In 1986, authors Hirotaka Takeuchi and Ikujiro Nonaka coined the term Scrum in the context of product development. The authors introduced a holistic or rugby approach to commercial product development in their article, The New New Product Development Game (1986). Later, at the DuPont Research Station and the University of Dalware, Ken Schwaber and Babatunde introduced the Scrum framework.
In the early 1990s, Ken Schwaber's company, Advanced Development Methods, used what would become Scrum. On the other hand, at Easel Corporation, the trio of Jeff Sutherland, John Scumniotales, and Jeff McKenna developed a similar product development approach known as Scrum.
B. Scrum & Software Development
Sutherland and Schwaber continued to work on improving the Scrum framework over time, leveraging their experience and evolving best practices. They presented a Scrum paper in 1995, contributed to the Manifesto for Agile Software Development in 2001, and have been involved in the global spread and use of Scrum since 2002.
Sutherland, Schwaber, and a community of Scrum practitioners have since begun implementing the Scrum framework in a variety of organizations, in addition to assisting them in the formation of high-performing teams. In the same year, 2002, Ken Schwaber co-founded Scrum Alliance with Mike Cohn and Esther Derby. They also launched the Certified Scrum Master (SCM) program in the years that followed.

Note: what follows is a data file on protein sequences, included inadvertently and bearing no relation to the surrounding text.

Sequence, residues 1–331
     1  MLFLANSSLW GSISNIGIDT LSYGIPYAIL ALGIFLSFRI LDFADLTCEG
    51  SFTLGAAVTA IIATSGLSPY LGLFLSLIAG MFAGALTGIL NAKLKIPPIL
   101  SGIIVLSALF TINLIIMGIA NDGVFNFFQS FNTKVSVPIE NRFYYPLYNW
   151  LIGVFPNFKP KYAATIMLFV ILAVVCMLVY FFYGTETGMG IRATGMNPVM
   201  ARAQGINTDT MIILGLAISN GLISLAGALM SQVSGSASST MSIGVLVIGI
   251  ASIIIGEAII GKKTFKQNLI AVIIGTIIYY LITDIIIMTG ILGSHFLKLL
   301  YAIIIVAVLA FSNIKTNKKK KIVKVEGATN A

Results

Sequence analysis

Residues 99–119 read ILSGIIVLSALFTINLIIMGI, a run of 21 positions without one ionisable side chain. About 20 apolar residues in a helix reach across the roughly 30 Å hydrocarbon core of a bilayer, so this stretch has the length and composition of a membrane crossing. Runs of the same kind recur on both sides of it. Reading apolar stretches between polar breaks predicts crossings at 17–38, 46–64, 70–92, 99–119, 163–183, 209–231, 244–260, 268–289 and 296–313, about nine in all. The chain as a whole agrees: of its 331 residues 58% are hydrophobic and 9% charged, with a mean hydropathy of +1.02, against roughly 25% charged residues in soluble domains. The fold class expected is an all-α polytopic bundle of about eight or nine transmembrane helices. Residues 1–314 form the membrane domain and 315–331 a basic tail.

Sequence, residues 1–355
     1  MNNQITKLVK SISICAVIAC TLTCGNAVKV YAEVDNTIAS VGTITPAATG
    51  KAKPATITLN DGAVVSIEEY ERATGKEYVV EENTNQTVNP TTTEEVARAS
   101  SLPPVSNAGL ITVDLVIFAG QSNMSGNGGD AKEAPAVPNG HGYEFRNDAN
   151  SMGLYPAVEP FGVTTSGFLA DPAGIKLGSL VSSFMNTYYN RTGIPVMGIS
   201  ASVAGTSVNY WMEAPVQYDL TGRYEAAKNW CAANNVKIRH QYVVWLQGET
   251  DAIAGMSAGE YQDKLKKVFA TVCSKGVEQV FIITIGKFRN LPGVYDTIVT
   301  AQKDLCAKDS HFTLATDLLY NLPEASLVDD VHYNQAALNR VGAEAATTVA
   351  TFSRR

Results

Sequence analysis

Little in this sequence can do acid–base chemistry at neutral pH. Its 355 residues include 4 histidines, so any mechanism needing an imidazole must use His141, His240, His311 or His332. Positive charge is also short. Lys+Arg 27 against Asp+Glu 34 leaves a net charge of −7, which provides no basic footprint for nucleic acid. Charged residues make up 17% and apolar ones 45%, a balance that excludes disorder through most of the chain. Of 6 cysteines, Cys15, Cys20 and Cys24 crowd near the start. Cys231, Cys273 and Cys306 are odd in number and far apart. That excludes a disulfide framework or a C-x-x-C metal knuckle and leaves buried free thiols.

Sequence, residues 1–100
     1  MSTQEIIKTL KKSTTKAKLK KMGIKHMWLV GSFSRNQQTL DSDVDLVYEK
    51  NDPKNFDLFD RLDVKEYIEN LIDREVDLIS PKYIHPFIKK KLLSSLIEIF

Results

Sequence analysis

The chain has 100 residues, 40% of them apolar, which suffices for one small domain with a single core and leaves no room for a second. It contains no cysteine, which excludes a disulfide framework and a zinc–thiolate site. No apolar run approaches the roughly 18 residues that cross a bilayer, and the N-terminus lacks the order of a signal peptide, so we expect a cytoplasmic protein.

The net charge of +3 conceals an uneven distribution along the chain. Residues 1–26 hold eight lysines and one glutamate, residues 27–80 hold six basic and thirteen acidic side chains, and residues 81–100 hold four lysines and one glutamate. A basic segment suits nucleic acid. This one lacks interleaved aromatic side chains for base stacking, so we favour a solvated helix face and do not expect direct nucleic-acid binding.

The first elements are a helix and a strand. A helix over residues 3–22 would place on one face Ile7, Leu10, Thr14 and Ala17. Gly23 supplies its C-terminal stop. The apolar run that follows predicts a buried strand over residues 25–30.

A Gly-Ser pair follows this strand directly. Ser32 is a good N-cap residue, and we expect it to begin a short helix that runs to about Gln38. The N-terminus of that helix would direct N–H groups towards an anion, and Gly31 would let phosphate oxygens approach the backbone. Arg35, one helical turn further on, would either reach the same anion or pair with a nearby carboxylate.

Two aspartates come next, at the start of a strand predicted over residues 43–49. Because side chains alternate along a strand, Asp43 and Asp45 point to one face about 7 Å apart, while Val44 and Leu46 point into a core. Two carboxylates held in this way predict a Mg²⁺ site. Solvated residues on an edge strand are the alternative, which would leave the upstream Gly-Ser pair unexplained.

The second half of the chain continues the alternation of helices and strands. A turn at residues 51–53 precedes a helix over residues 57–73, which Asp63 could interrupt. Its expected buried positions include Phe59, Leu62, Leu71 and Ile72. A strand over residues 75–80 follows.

C. Scrum in the 2000s
In 2014, Dr Dave Cornelius, a globally recognized Lean and Agile catalyst, presented his doctoral research on the Scrum value. During this time, Scrum continued to evolve. After two years, in 2016, they recognized the need for a Scrum framework for distributed teams and two product owners. That's how the first fully scalable Scrum was formed.
Since then, millions of businesses have started using Scrum for software development. It is not an exaggeration to say that Scrum has forever changed the software development landscape and made it far superior to traditional methodologies.
Scrum in Agile methodology has significantly changed the software development landscape over the last decade. It has made the development process more value-driven, streamlined, and efficient in terms of time, resources, and money. However, in order to reap all the great benefits of Scrum project management, organizations must first understand the Scrum framework and its nuances. A better understanding of the Agile Scrum framework and its components enables them to implement Scrum more effectively and achieve better results.